Learning A Language When You Are In The ‘Wrong’ Country

Foreign Language Bookshop neon sign

Foreign Language Bookshop neon sign (Photo credit: avlxyz)

Since I have a strong interest in learning foreign languages, I read many language blogs and one comment I always see on these blogs (and on my own) is how much easier it is for the blogger to learn a language because they live in the country where it is spoken & how much harder it is for the commenter because they do not.  I would like to go on the record by saying that this belief is bullshit.

Yes, I live in Northern Germany where German is spoken but it is honestly easier for me not to speak German than it is for me to learn it.  My job is in English, I can do my hobbies in English, I can find someone (though it is not always easy) at any company that speaks English & all my friends, despite from being from all over the world including Germany, speak English.  In fact I can (and have) go days without speaking a single word of German.  I also know many expats who have lived here for over 10 years and know as much German as would a motivated tourist after 2 weeks – and by that I mean social niceties and being able to order a meal.

For me to learn to speak German despite living in a German speaking country I need to put a lot of effort into it. I need to go out of my way to find the resources to do so.  In fact, living here doesn’t give me a distinct advantage to learning German compared to anyone else on the planet.  The same resources I use are available to anyone, regardless of where they live.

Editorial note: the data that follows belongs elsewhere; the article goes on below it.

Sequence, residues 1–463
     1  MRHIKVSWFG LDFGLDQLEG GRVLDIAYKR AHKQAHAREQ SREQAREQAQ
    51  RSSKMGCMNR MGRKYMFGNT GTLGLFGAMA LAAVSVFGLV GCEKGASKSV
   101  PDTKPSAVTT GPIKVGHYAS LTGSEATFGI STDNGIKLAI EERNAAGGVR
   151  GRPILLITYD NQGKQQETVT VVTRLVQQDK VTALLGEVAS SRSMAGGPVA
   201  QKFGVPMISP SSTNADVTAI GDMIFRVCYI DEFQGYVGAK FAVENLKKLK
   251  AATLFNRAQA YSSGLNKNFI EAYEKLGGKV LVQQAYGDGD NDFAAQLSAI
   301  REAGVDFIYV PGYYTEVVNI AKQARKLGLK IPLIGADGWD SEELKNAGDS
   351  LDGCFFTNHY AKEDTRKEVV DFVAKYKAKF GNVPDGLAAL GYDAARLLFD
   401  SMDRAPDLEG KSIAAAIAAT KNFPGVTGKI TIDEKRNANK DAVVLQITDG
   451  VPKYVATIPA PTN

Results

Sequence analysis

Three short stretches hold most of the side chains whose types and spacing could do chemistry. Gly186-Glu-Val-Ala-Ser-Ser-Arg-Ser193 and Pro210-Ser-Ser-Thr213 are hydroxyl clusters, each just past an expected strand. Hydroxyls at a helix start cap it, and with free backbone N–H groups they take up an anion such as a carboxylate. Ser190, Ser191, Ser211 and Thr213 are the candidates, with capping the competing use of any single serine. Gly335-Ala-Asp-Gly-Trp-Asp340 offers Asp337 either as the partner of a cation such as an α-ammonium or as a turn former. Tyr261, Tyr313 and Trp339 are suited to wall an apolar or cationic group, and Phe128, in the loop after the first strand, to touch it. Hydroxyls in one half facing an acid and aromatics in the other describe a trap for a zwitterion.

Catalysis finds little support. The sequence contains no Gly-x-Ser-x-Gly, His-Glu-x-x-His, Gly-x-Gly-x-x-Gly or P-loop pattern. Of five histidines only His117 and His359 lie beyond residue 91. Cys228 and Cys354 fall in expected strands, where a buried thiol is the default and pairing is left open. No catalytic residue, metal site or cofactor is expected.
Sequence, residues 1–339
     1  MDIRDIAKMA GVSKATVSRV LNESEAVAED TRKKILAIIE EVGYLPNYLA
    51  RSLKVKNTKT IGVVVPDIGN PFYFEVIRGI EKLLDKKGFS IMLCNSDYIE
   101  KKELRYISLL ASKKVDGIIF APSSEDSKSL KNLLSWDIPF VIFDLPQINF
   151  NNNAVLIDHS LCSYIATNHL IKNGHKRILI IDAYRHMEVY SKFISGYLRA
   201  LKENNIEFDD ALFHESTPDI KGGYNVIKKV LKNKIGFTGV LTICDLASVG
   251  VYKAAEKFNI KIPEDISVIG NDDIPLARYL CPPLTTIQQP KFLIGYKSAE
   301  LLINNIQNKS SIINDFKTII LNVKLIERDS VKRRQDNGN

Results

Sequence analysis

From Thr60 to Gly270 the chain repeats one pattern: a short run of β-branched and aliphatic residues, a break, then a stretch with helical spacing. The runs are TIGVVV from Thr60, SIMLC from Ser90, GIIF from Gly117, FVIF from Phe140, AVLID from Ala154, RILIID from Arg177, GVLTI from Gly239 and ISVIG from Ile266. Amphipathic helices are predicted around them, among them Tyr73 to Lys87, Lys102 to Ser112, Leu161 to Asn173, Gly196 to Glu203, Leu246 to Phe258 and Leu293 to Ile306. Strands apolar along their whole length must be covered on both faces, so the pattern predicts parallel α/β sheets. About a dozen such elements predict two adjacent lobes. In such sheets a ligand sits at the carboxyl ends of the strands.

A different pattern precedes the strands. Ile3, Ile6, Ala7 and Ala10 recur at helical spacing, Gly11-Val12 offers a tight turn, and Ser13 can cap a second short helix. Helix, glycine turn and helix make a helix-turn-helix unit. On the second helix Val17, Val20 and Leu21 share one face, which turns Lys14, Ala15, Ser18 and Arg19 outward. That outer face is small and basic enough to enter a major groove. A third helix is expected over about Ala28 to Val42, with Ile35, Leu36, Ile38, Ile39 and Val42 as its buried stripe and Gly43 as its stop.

The resources I use are:

1. Language courses

These are available at most community college or adult education centre. If your town does not have one, you can also find language courses online.

2. Websites

If you have the internet, you have access to the exact resources I do.  Do a google search looking for ‘<languages> learning sites’ and you will be amazed at the number of sites available.  You can also find newspapers online written in the language you are learning.

3. Podcasts

If you use iTunes simply go to the store section and type in ‘learn <language>’ and you will be overwhelmed by what is out there.

4. Computer Software

I have a low opinion on how effective computer software like Rosetta Stone is as a single resource for language learning, but if you have the cash to spare go for it, just remember to use other resources as well.

5. Books

This one may be a little trickier, but most libraries in major cities have books available in other languages.  If they don’t, ask the librarian for help – they may be able to get books in for you from other libraries.

6. Your own computer & smartphone

Change your operating system language on both your computer and smartphone to the language you are learning.  Also change the language on social media networks you use every day like Facebook.

7. Human Interaction